Gaps in stock prices occur frequently and there are many theories about how to or if you should trade them. Many traders pay special attention to “opening gaps” — the move from the previous day’s close to today’s open — as a guide for intraday trades.
The strategy detailed here uses volatility (in the form of true range) to handicap opening prices and predict potential reversals using the concept of mean reversion. The basic idea is that price will reverse direction after an exceptionally large opening gap, and that a simple statistical calculation — standard deviation (SD) — can be used to identify such gaps.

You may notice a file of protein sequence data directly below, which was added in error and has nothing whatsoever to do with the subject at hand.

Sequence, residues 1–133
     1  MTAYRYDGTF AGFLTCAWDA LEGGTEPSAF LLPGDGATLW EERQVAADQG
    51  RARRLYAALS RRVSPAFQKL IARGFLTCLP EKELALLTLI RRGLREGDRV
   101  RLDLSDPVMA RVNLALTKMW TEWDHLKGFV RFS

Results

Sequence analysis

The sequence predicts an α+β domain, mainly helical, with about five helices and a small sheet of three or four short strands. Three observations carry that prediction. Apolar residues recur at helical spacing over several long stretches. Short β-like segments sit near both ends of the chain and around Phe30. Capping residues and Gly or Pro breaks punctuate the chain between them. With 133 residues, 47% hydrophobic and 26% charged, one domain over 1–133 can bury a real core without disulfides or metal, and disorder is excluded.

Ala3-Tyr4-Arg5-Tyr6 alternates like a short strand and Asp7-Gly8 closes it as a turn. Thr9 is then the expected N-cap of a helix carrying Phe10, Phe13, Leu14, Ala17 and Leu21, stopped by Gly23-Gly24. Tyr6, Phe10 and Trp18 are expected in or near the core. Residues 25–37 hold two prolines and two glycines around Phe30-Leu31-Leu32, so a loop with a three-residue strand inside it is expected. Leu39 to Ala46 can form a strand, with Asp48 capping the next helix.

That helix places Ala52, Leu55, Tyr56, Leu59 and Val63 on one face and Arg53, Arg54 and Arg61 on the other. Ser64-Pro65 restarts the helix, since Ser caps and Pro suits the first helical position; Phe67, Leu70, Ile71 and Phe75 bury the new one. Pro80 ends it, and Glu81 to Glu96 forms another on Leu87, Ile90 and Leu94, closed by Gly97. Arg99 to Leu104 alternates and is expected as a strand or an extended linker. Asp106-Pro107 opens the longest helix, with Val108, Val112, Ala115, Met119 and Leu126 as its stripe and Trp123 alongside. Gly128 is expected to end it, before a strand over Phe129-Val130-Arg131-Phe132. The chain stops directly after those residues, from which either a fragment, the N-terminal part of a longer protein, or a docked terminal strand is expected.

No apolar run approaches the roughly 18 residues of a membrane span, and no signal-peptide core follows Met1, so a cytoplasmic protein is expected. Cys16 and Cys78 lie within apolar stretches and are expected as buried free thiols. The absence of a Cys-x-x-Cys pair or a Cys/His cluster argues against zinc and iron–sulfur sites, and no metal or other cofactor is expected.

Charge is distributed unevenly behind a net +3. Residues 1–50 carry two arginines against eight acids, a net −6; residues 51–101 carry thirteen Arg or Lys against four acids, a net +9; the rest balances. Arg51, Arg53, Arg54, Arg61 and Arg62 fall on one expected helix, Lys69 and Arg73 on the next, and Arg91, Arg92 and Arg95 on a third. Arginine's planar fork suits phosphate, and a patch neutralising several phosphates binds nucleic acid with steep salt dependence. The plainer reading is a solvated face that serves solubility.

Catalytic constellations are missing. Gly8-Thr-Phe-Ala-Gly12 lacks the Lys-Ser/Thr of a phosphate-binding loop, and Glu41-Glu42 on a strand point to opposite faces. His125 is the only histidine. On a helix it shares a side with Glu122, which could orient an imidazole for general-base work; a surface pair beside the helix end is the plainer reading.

Standard deviation represents the expected variation from the average within a set of values, such as prices. The SD formula for the gap strategy, which uses 10 days of true range data, is:
In plain language, this formula means:
1. Subtract the 10-day average true range (ATR) from each day’s true range value.
2. Sum the results of all the calculations from step 1.
3. Square the value from step 2.
4. Divide the value from step 3 by N-1, which in this case is 9.
The result is one standard deviation of the previous 10 trading sessions’ true range data.
Every statistic relies on certain assumptions being met in order for the outcome to be considered valid. When you calculate SD, the most important consideration is for the data to be “normally distributed” — taking on the profile of a bell-shaped curve (Figure 1).